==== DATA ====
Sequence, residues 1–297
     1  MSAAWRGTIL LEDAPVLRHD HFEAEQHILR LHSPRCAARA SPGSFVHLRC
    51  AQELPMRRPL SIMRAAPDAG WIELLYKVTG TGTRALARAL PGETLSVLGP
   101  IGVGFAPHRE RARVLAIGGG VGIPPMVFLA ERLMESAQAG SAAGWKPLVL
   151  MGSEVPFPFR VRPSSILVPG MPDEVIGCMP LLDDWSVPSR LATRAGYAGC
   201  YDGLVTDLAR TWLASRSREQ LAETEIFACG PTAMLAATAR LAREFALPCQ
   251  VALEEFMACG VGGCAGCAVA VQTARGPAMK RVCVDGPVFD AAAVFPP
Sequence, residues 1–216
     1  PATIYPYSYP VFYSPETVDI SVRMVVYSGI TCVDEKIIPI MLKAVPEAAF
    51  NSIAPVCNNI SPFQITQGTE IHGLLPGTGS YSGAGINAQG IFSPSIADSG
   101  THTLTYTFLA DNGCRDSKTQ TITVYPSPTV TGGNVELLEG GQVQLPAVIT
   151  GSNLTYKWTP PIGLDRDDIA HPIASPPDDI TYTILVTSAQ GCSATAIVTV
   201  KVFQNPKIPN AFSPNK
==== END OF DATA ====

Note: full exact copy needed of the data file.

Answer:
Sequence, residues 1–297
     1  MSAAWRGTIL LEDAPVLRHD HFEAEQHILR LHSPRCAARA SPGSFVHLRC
    51  AQELPMRRPL SIMRAAPDAG WIELLYKVTG TGTRALARAL PGETLSVLGP
   101  IGVGFAPHRE RARVLAIGGG VGIPPMVFLA ERLMESAQAG SAAGWKPLVL
   151  MGSEVPFPFR VRPSSILVPG MPDEVIGCMP LLDDWSVPSR LATRAGYAGC
   201  YDGLVTDLAR TWLASRSREQ LAETEIFACG PTAMLAATAR LAREFALPCQ
   251  VALEEFMACG VGGCAGCAVA VQTARGPAMK RVCVDGPVFD AAAVFPP
Sequence, residues 1–216
     1  PATIYPYSYP VFYSPETVDI SVRMVVYSGI TCVDEKIIPI MLKAVPEAAF
    51  NSIAPVCNNI SPFQITQGTE IHGLLPGTGS YSGAGINAQG IFSPSIADSG
   101  THTLTYTFLA DNGCRDSKTQ TITVYPSPTV TGGNVELLEG GQVQLPAVIT
   151  GSNLTYKWTP PIGLDRDDIA HPIASPPDDI TYTILVTSAQ GCSATAIVTV
   201  KVFQNPKIPN AFSPNK